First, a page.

Judaism had become a vine refusing to bear fruit. They were not modeling God, and not trying to win others to Him. Such uselessness always invites disaster. As Jesus said in our text, the fruitless branch is headed for removal.
In our text Jesus was here referring to, in addition to Israel, believers who profess to know God, but don’t prove it through outward evidence. Removing a branch can refer to a loss of usefulness, and ultimately to sin unto death.
If we produce no fruit, God’s power and blessing are withdrawn from us. We wither.
God has tough methods of handling branches which refuse to maintain a strong union with the vine. In the warning contained in our text, Jesus graciously announced in advance the punishment that would come to the unfruitful. None go to justice blindfolded.
John 15:2b “He prunes every branch that produces fruit so that it will produce more fruit.”
Where there is fruit-production, God wants more fruit. Even fruit-bearing branches are not immune from the Gardener’s knife. Even the best believers need constant pruning, removal of anything superfluous.
Pruning mainly means, in blunt, no uncertain terms, amputation. A vine-dresser’s main tool is a knife. Unfruitful sections of our lives must be removed to help the fruitful portions.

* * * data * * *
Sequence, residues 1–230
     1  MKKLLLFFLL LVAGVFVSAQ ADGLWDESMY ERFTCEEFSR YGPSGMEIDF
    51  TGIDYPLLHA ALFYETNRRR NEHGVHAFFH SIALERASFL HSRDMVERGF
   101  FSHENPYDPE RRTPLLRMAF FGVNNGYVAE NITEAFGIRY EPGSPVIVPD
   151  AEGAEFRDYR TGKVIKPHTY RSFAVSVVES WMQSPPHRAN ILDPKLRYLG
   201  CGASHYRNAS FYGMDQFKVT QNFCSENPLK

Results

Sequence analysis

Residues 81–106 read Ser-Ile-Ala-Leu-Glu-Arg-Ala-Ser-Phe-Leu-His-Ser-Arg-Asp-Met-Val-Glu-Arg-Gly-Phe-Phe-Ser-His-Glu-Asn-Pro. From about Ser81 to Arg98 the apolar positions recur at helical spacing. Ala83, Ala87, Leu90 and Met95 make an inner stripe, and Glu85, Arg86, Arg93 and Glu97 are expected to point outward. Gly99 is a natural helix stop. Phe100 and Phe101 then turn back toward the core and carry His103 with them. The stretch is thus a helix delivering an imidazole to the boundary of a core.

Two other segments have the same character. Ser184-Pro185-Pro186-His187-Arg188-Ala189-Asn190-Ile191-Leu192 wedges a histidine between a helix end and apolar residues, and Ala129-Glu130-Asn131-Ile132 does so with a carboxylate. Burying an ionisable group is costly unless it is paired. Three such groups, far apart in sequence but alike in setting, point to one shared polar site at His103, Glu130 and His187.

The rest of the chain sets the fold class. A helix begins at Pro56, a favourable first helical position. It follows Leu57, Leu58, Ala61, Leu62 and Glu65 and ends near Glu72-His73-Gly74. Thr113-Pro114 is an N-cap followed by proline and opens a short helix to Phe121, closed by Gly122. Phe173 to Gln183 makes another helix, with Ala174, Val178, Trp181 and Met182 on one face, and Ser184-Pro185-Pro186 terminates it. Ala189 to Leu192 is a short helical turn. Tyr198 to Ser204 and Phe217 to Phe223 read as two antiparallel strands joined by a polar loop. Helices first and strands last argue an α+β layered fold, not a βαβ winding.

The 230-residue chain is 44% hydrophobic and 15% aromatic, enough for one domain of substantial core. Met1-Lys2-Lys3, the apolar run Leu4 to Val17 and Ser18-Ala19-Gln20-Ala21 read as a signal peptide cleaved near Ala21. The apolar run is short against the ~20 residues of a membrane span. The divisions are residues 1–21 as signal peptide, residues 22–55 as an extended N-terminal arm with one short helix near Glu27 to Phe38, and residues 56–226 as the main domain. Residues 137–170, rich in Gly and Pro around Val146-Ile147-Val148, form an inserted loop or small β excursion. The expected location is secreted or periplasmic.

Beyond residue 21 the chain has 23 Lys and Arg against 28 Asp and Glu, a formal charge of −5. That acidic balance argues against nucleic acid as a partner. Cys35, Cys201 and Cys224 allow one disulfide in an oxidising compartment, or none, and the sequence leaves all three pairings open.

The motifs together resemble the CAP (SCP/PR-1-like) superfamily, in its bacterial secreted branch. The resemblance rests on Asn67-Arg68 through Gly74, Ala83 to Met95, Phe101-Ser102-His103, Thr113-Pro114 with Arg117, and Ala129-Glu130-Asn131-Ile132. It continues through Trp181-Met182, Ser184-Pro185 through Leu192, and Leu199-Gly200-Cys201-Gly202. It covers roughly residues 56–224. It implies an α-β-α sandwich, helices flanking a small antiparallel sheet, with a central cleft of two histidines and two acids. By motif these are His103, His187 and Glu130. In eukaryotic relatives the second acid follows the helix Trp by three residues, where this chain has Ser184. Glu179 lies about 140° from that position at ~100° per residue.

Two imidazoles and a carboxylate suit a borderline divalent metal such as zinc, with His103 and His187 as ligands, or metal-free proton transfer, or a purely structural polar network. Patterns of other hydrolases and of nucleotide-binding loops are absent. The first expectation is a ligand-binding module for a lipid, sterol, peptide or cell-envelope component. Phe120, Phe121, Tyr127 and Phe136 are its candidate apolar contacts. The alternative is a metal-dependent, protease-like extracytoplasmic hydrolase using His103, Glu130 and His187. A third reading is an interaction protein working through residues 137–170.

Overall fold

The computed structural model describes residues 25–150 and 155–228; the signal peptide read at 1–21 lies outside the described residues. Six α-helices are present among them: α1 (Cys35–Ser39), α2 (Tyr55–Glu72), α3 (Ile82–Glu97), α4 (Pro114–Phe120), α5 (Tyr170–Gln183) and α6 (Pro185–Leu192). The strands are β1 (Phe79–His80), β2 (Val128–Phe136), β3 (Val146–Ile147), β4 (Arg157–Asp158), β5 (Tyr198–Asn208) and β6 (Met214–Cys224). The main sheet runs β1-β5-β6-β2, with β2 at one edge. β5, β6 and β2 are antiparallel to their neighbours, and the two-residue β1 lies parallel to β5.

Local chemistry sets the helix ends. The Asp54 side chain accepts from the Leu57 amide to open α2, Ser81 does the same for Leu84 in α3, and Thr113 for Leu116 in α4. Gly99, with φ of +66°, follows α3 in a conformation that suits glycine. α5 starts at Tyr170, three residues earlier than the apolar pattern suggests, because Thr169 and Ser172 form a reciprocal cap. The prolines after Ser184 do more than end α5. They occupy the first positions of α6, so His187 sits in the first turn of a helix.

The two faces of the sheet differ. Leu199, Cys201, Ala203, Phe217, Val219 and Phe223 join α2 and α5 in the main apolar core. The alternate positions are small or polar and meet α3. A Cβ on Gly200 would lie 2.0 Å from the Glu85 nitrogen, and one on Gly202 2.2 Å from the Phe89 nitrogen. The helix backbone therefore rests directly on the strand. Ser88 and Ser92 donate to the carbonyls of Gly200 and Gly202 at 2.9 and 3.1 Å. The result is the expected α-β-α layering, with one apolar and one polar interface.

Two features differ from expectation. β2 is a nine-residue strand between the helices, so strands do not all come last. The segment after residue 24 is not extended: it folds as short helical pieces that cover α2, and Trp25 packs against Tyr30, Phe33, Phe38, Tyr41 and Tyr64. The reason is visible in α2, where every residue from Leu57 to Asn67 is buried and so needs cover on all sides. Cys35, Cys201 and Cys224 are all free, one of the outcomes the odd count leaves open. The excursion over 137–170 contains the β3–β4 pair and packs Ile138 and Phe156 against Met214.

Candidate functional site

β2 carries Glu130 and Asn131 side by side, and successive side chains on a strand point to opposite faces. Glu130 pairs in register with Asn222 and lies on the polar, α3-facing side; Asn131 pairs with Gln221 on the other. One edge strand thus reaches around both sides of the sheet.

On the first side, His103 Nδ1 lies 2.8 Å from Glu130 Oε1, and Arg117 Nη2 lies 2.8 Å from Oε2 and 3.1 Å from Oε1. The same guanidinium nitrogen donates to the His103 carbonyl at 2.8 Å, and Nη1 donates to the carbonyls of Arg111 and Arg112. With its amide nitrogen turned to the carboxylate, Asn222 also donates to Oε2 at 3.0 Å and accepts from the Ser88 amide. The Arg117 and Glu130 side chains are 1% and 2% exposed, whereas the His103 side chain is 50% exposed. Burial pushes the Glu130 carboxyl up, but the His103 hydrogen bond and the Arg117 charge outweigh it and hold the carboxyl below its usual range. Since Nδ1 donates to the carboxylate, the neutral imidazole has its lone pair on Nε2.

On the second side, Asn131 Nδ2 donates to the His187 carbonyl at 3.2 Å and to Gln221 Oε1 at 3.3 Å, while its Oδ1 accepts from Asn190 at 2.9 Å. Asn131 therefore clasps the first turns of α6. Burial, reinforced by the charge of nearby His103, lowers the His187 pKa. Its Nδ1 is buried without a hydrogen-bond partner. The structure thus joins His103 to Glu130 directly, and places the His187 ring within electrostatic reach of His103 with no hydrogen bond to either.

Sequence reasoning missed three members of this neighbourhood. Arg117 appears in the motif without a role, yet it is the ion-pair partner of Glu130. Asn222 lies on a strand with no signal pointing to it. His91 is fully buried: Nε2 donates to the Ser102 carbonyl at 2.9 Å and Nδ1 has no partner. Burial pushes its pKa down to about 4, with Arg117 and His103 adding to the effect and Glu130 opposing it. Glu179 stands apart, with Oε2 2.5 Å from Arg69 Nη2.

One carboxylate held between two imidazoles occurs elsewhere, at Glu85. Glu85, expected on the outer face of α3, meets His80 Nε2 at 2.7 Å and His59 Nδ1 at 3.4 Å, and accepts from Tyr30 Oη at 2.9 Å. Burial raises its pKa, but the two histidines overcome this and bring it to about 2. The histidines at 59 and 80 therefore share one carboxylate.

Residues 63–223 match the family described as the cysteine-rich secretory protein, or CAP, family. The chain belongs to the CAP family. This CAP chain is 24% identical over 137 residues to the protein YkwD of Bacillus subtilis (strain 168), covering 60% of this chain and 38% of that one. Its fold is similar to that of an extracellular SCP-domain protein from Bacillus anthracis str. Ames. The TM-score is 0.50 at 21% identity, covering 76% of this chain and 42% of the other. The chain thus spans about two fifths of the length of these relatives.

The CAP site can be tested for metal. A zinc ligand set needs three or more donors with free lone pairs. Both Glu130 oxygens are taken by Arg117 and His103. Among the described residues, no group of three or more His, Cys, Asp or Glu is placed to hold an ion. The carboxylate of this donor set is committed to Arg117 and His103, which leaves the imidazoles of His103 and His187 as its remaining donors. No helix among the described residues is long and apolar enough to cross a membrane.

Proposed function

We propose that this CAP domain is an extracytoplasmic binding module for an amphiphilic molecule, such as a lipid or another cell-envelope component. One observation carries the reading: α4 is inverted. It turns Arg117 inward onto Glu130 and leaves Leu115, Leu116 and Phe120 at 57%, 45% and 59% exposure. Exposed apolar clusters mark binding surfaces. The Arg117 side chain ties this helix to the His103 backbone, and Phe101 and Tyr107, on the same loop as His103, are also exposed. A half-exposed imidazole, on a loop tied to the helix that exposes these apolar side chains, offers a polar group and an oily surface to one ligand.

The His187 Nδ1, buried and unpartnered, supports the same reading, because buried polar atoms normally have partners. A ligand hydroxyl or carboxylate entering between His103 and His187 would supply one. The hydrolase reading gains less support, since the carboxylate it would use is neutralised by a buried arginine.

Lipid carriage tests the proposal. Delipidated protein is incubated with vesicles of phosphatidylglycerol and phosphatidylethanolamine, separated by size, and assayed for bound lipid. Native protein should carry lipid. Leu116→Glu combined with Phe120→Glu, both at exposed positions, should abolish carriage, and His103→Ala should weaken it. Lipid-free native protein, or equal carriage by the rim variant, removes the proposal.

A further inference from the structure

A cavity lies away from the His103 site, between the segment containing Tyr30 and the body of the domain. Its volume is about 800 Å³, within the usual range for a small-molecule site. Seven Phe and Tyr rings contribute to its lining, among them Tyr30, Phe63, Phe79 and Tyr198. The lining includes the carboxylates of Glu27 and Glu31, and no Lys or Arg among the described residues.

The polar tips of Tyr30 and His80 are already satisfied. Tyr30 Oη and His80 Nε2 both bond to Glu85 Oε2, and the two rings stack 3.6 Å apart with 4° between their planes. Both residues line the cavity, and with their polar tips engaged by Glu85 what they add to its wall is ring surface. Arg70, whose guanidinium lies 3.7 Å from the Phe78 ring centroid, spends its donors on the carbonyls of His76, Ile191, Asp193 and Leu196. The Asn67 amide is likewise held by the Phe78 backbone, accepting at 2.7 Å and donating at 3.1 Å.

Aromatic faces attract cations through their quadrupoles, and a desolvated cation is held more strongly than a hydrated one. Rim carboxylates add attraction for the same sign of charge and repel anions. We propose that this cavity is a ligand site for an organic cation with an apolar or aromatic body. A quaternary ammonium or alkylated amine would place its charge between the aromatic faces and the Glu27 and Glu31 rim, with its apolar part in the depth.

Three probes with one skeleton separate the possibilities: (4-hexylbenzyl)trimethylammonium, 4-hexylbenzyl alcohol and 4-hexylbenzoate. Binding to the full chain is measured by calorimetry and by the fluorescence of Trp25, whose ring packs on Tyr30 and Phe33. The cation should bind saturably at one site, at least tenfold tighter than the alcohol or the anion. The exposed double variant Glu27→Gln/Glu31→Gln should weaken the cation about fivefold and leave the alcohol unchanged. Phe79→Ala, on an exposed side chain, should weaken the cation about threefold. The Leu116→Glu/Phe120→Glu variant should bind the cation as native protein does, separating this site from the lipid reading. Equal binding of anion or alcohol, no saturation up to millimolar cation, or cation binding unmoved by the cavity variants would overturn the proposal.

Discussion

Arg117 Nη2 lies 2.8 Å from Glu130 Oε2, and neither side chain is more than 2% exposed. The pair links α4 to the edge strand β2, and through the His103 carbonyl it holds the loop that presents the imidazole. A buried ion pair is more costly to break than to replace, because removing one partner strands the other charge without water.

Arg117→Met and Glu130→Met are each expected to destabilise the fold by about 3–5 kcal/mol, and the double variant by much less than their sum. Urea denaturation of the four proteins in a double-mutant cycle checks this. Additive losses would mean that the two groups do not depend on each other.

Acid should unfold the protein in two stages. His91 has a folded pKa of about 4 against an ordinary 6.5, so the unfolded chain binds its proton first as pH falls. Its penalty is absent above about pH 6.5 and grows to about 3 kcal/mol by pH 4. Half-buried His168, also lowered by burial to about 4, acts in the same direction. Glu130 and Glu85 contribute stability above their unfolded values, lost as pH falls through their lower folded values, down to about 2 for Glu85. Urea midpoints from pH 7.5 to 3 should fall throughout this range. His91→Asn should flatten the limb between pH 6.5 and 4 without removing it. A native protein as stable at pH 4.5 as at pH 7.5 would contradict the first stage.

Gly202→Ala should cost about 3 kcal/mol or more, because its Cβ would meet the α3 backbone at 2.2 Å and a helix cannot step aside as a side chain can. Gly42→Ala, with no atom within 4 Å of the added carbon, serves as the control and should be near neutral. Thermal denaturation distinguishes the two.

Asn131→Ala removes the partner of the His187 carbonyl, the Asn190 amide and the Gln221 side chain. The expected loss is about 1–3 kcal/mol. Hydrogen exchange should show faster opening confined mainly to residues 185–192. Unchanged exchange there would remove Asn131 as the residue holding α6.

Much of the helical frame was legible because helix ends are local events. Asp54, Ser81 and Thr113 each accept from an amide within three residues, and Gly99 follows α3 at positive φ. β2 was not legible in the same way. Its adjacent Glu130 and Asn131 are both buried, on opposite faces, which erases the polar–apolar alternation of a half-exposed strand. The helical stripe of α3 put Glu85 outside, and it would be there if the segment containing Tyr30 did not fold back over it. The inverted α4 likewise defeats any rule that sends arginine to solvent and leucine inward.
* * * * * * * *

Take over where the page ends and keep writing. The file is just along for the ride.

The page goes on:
Few plants yield fruit as richly as do well-pruned vines. A well cared for vine can bear up to 25 pounds of grapes. On the other hand, few plants yield as little fruit and as much foliage as do untended vines. An unkept vine may spread as far as 100 feet, producing mainly branches and leaves, with relatively little fruit.
A good grape harvest requires merciless pruning. At pruning time it is common to see branches as long as 10 feet cut down to within two inches of the stem. The result looks like destruction, but is actually increasing fruitfulness.
The husbandman’s knife constantly removes all that hinders fruit-bearing. Similarly, if our spiritual fruit production is to be improved, we have to be constantly pruned. Unproductive things within us need to be lopped off.
Sin needs to be removed. Learn a spiritual math lesson. When we are born again, God adds to our lives all we will ever need of Him. We spend the rest of life subtracting sin because sin multiplies itself and divides us from life’s best.
All Christians carry two natures: the good life of Jesus, and our own poor miserable selves. Each flourishes at the expense of the other.